The SkiErg and floor stand arrived extremely well-packed in two separate boxes, and the build was quick and simple (around 20 minutes with another pair of hands). The illustrated instructions and product manual were easy to follow, you get all the tools you need to build it, and the 12 screws are even colour-coded so you literally can’t go wrong (if you do, there’s an assembly video linked below you can watch).
In fact, I’d say this was the least stressful machine I’ve ever put together and the user experience was first class from the kick-off.
Concept2 SkiErg review: Features
The base of the floor stand measures 24 x 52 inches (61cm x 132cm) and it comes with an anti-slip deck and caster wheels at the rear so you can easily roll it out and wheel it back into place when you’re done with it. My concrete garage floor isn’t particularly even, but the stand manages to provide a rock-solid surface that never bounces or jostles around, and that impressed me a lot.
Another thing I love about this machine is that you don’t need to plug it in, so there are no annoying leads lying around, and you never have to place the machine near a power point or get an extension lead out. Moreover, it’s a great buy if you’re concerned about the additional energy costs of running an exercise machine – the excellent PM5 performance monitor (more on that later) is powered by two D cell batteries and even draws power from the spinning flywheel during your workout to extend battery life – so I guess you could say the SkiErg has a low Carbon footprint.
The flywheel is the heart of the machine, responding to your pulling action on the high-strength cords for a smooth and continuous motion that can be adjusted and intensified via the spiral damper. The damper quickly adjusts the airflow across 10 resistance levels so you can change the feel of the pull, depending on whether you want to feel like you’re on flat terrain or going on an uphill climb.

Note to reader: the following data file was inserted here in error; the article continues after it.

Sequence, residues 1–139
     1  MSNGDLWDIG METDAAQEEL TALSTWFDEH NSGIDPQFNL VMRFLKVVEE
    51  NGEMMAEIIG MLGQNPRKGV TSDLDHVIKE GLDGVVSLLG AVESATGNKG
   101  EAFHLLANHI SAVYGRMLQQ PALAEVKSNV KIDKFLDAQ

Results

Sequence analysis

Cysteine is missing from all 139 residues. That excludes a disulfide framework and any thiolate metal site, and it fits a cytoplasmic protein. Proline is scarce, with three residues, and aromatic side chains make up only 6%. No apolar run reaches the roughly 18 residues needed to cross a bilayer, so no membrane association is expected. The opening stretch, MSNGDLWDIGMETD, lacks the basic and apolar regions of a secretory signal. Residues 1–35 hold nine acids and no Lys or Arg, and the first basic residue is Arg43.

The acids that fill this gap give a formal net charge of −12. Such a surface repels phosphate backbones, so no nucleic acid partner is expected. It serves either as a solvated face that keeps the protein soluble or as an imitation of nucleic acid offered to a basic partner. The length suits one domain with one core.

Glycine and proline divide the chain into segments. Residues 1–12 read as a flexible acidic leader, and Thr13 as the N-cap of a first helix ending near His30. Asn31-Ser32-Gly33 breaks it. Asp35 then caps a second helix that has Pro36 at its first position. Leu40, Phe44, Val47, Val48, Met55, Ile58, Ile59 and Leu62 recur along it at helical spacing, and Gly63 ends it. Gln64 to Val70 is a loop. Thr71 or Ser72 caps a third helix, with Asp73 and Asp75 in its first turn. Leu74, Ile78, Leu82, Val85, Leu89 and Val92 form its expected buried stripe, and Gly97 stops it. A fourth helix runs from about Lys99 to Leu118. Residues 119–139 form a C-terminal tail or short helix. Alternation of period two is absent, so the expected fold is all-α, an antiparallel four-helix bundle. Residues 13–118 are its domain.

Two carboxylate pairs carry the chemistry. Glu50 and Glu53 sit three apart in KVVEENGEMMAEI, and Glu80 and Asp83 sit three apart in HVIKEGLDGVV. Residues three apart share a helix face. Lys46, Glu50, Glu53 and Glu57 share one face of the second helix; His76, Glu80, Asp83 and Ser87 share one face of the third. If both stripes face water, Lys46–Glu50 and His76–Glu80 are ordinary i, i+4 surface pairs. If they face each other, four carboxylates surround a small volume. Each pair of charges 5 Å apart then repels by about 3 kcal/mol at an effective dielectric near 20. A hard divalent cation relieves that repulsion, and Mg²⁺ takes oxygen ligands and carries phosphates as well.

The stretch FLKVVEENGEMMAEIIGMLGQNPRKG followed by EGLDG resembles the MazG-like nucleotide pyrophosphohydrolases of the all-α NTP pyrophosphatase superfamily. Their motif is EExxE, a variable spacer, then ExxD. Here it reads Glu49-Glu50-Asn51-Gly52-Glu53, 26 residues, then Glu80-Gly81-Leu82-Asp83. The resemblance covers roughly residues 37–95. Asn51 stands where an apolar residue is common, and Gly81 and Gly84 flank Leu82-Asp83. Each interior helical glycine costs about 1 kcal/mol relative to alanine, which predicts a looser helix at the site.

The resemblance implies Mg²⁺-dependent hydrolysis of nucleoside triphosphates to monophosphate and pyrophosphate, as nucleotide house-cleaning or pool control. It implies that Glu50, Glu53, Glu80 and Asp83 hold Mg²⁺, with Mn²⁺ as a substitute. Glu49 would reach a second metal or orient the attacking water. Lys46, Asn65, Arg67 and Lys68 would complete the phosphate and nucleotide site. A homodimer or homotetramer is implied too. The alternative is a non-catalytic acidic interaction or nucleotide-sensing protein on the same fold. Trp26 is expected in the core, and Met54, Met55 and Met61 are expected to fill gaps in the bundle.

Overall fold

It’s also worth noting that wheelchair users can buy various accessories to make reaching the handles easier, including Handle Hooks which attach near the monitor to hold the handles in a lower position, and Handle Cord Extensions (watch PT and ex-professional swimmer Ben Clark from Adapt to Perform go through a variety of movements on the SkiErg here).
The handles themselves (which greatly resemble Shrek ears) are ergonomic, strapless, suitable for all hand sizes and provide a really secure grip that doesn’t absorb sweat when you’re going hell for leather. The shape of the handle also has a ‘shelf’ at the bottom to rest the heel of your hand against and is surprisingly comfortable even over long periods of use.
Concept2 SkiErg review: How to use it